Sustainable Farming by Design
Last year, Blue Bottle was proud to introduce our first coffee grown in our home state. Nurtured and produced on Good Land Organics, the SoCal paradise founded by Jay Ruskey, California Good Land Organics marks a new tradition of coffee far from its tropical origins. For Ruskey—who also owns Frinj Coffee, INC., which shares science-forward approaches to coffee-growing with other farmers—sustainability isn't just a premium tacked onto the crops they produce. It's a necessity.
"We have always tried to work with the triple bottom line of sustainable agriculture," says Jay. For Good Land Organics and Frinj Coffee, sustainability is comprised of three equally important components: environment, people, and business.
The name says it all: Good Land Organics doesn't use pesticides or herbicides to grow its crops. As well as becoming organic certified through CCOF, Good Land Organics promotes the layered agriculture system that it uses to the farmers it supports through Frinj.
"In the heart of Good Land Organics, you will see coffee, avocados, passionfruit, and dragon fruit all in one location," says Jay. "As a whole, these crops are all sharing water, labor, and light while protecting each other from weather extremes such as sun, wind, and frost."
While Good Land Organics is certified organic, Frinj Co-Founder Lindsey Mesta notes that it doesn't impose these standards on their Frinj colleagues, though they do encourage them to pursue organic certification when possible. "Transitioning to organic is a tough process," says Lindsey. "It takes three years on average, but it's not the only way to make farming practices more sustainable. We recommend organic fertilizers to all our growers and as we come in and help other farms with their growing practices, we try to be an example. Not all of the farms are going to be able to be fully organic, but we can encourage them to adopt aspects of our three-tiered approach where they can."
Sustainable farming means refusing to exploit the land. It also means refusing to exploit the people who work it.
"The people are what makes the farm work," says Jay. "Healthy people make up a healthy farm, so this drives the reason why we refuse to farm conventionally—in order to protect the work environment as well as the environment overall."
"We operate under a Farmer First model," says Lindsey. "We know California growers aren't going to grow coffee if they're not making a profit, so if we want to pay ethical wages to our workers, and be able to pay for our resources, like water and land, we have to focus on quality coffee that we can sell at a higher price point."
That sense of responsibility radiates outward into the community. "We have spent many decades working local farmers' markets and community markets to ensure our products stay local, and to keep communication with the local people," says Jay. "Farmers' markets are a great way to test new fruits we're trying to grow, as well as talk to other farmers about their challenges. For 2019, we are expanding to on-farm educational programs and also as coffee career-building programs. We have a unique farm providing rare experiences that should be shared with people who have a desire to learn about coffee and farming."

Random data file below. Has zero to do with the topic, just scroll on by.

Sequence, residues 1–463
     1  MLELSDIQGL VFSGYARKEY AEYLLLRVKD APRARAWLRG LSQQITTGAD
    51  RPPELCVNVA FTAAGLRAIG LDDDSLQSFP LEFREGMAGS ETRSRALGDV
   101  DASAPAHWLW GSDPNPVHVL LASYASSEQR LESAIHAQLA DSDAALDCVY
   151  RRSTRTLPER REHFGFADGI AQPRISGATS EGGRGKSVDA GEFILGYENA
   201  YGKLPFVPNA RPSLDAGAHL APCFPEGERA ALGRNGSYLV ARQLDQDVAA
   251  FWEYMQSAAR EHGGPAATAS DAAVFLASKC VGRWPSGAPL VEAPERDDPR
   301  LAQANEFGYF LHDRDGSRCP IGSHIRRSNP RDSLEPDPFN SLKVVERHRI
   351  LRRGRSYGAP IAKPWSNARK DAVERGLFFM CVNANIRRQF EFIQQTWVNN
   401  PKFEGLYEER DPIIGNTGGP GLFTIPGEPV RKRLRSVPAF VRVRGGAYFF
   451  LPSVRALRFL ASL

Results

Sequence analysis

As a leader in the California coffee industry and within its capacity as Frinj, Jay, Lindsey, and their team set an example with their own growing practices and share them with others whenever possible. "With Frinj, we are trying to systemize our three-tiered process with other collaborating farms interested in trying similar practices. The replication of this system is how sustainability ideally should work," says Lindsey.
"The reason we formed Frinj was to create an entity that could go beyond Good Land Organics and provide a farming technology transfer of resources," says Jay. It's rare in modern agriculture for a small-scale system to provide consulting and technology to other small-scale farmers, but this is what Frinj is, in practice. The task, Jay notes, is not an easy one, but Frinj is committed to working with its collaborators to reestablish Southern California's farming industry as fundamentally sustainable.
Their end result? "A group of dedicated farmers making a living, and providing what is one of the topmost imported food products in the U.S. For us here at Frinj, that is one of the most sustainable systems models that we can achieve."
The Future of Farming
With the examples set by Frinj and the innovations developed through Good Land Organics, Jay hopes someday to make California a sustainable coffee growing region. But the Frinj team recognizes that success doesn't begin and end with this sunny plot of land in the hills around Santa Barbara. "It's not a sustainable business model unless we take care of all our farmers," says Lindsey.
Blue Bottle is proud to work with farmers who grow coffee sustainably—and we make sure those principles live on in our own practices.